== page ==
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The Wisdom of Niches

Hello again, I got a lot of really helpful and constructive feedback on the first issue--thanks! So h
The Wisdom of Niches
By Paul Sturrock • Issue #2 • View online
Hello again,
I got a lot of really helpful and constructive feedback on the first issue–thanks! So here is the second one, incorporating some of the ideas people suggested.
The focus this week is on niches, but I’ve also included:
  • Some tips on how to interview customers
  • A helpful and practical clarification on what “Minimal Viable Product” really means.
  • A checklist for launching on Product Hunt
  • A discounted offer on my summer short course in London.
  • An invitation to join the 7th FFWD London pre-accelerator programme.
Best wishes,

Focus: The Wisdom of Niches
I am convinced that focusing on a niche is the essential discipline of building a viable business. Especially if you’re small. These two articles nail it from different angles:
First up is Michael Skok’s classic post on the importance of starting with a focus on a small segment of people, who share the same job-to-be-done:
The “lean startup” methodology is great and has done a lot to revolutionise the way we create startups.
But too many entrepreneurs who follow the lean methodology get stuck in a product spin, consumed with making and honing their Minimum Viable Product.
The “minimum” part of the MVS is about keeping your segment as small as possible to be able to dominate it with your limited startup resources. Once you dominate it, you can claim leadership. Even if this leadership is just in your MVS, it’s valuable to your positioning and credibility for the next segment you want to go after.
Whatever the case, don’t be afraid to focus at the start. You can always build on success, but it’s hard to cut back on failure if you’ve already spread yourself too thin and failed to meet any one need fully. That’s where the Viable part comes in.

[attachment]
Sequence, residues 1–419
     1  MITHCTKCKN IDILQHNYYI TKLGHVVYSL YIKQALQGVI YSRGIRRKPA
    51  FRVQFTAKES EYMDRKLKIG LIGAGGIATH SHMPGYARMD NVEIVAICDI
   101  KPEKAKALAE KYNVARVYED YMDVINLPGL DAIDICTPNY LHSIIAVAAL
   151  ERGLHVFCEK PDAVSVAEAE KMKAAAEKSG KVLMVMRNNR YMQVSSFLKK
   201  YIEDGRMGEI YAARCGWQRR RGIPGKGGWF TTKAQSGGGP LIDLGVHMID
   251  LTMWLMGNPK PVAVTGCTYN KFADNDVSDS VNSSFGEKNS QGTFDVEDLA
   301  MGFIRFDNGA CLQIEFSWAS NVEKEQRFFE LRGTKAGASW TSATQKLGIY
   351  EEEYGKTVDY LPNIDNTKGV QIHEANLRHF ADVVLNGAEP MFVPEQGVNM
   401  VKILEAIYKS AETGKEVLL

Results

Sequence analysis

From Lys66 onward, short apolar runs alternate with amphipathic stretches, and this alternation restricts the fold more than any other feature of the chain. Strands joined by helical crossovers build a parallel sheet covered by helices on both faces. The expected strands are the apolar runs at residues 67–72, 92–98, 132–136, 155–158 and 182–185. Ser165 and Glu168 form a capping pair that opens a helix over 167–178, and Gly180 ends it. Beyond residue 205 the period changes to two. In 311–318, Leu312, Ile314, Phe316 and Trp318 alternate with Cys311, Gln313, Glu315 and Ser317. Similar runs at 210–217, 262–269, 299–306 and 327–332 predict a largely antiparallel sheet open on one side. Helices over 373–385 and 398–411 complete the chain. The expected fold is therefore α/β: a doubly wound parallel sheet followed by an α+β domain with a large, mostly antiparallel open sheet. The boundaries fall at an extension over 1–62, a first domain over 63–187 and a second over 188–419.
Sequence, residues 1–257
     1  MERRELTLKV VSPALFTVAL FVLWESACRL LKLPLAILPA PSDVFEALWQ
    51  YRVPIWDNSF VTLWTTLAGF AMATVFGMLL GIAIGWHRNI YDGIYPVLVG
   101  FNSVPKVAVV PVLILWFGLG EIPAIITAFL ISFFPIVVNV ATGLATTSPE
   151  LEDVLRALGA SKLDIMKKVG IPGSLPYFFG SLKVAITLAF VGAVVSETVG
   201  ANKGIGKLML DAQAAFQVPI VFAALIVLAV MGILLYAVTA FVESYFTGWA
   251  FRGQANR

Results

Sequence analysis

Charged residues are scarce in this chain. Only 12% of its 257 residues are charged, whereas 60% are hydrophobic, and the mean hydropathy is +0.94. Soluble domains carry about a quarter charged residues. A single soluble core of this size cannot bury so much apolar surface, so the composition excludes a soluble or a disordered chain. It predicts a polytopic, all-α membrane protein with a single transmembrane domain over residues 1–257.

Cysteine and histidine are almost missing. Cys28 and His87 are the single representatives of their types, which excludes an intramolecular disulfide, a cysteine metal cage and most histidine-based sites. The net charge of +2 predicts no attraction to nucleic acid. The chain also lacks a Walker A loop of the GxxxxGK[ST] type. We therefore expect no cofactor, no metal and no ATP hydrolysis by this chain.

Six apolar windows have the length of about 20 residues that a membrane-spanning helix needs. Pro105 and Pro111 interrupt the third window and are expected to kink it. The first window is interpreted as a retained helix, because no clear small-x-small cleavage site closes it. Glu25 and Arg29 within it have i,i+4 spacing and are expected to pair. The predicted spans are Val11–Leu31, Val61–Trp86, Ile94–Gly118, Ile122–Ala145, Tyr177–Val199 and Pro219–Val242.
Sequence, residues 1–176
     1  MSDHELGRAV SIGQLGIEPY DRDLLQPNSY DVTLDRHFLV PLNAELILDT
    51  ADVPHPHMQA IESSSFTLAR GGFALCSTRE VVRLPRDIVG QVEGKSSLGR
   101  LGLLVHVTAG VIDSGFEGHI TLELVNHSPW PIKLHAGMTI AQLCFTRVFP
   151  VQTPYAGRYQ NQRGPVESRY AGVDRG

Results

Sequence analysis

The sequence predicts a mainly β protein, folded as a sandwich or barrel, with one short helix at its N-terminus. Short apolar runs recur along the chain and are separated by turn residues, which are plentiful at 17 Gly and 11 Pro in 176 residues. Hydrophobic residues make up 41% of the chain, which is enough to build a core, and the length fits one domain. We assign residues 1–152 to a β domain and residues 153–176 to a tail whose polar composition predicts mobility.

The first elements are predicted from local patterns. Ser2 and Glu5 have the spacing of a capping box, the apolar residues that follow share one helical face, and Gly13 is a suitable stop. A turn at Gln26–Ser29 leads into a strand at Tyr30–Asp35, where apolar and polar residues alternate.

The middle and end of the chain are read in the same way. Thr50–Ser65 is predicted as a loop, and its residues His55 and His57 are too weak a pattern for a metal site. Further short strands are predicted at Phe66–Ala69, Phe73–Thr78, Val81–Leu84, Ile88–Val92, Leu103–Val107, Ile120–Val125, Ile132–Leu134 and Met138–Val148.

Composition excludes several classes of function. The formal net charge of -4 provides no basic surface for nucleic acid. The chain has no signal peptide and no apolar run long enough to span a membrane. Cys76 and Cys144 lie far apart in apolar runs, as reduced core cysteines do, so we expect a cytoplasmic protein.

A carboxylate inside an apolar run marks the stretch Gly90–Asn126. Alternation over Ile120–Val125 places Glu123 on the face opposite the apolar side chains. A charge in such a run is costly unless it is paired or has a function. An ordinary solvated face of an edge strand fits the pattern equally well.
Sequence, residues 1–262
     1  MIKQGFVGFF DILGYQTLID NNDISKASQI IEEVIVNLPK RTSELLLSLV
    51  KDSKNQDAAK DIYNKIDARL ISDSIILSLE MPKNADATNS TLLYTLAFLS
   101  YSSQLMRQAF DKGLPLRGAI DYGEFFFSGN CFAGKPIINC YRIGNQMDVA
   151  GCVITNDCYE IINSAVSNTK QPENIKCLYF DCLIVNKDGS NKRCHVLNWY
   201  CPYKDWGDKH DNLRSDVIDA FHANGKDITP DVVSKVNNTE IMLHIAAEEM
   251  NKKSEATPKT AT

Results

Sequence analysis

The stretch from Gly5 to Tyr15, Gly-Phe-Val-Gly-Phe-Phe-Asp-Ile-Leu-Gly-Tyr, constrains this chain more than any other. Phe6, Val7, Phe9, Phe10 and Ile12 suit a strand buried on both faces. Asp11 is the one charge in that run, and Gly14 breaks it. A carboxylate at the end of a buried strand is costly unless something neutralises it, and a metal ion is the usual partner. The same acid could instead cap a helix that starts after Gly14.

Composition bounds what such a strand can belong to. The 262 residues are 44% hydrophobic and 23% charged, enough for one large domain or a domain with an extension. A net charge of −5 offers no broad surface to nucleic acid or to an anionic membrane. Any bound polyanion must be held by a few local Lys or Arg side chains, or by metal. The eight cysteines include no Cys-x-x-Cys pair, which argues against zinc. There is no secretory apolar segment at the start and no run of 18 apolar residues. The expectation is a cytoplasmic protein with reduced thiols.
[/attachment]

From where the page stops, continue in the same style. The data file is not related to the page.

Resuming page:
Chelsea Fagan’s story is a great case study illustrating the power of the niche:
It is better to define yourself sharply and grow yourself slowly than to start big and have to work your way backwards from there.
Defining the Job
Once you’ve defined your MVS, you need to figure out what they really need.
This is a quick, straightforward, and easy to implement guide on how to interview customers to define their job-to-be-done. If you really don’t have five minutes(!?), here’s the three questions:
  1. What are you trying to get done? Why?
  2. Can you show me how you currently do this?
  3. Can you show me what’s frustrating about your current process?
Build the Product
Despite its popularity, there is still a lot of confusion about what an MVP actually is. This article provide a simple three step process to help clear things up:
  1. Start with a single, simple product solving a tiny sub-set of a Grand Problem;
  2. Keep iterating, while constantly solving bigger, related problems en route to solving the Grand Problem;
  3. Constantly communicate the vision of the Grand Problem that will be solved.
Duuude, get up! We’re #1 on Product Hunt… – SpreadShare – Medium
Tools you can use
SpreadShare - Find and Share Spreadsheets
Free Stock Photos & Images for Commercial Use
Coming up ...
Shelley O'Hare did a great interview with João Lopes de Almeida, one of the students on my Summer Venture Design course. CSM is offering a 10% discount for anyone who registers by the 31st May, so please share. They just need to use the discount code DTHINK when booking here.
Interviews seem to be running like buses this week. Here’s one with Slava, a recent FFWD London pre-acceleration alumni. If you know someone who wants to join our next cohort, they can book here.
But if you’d rather do-it-yourself for the moment, have a canvas!
That's it!
Please let me know by clicking the thumbs up or down below whether this is useful or not. You can also reply and let me know what you’d like to see more or less of. 
If you do like it, please forward it to others!
Thanks for reading this far.

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Paul Sturrock

Simple Venture Design. Tools to start and and grow businesses using what you're good at, like to do, and care about.

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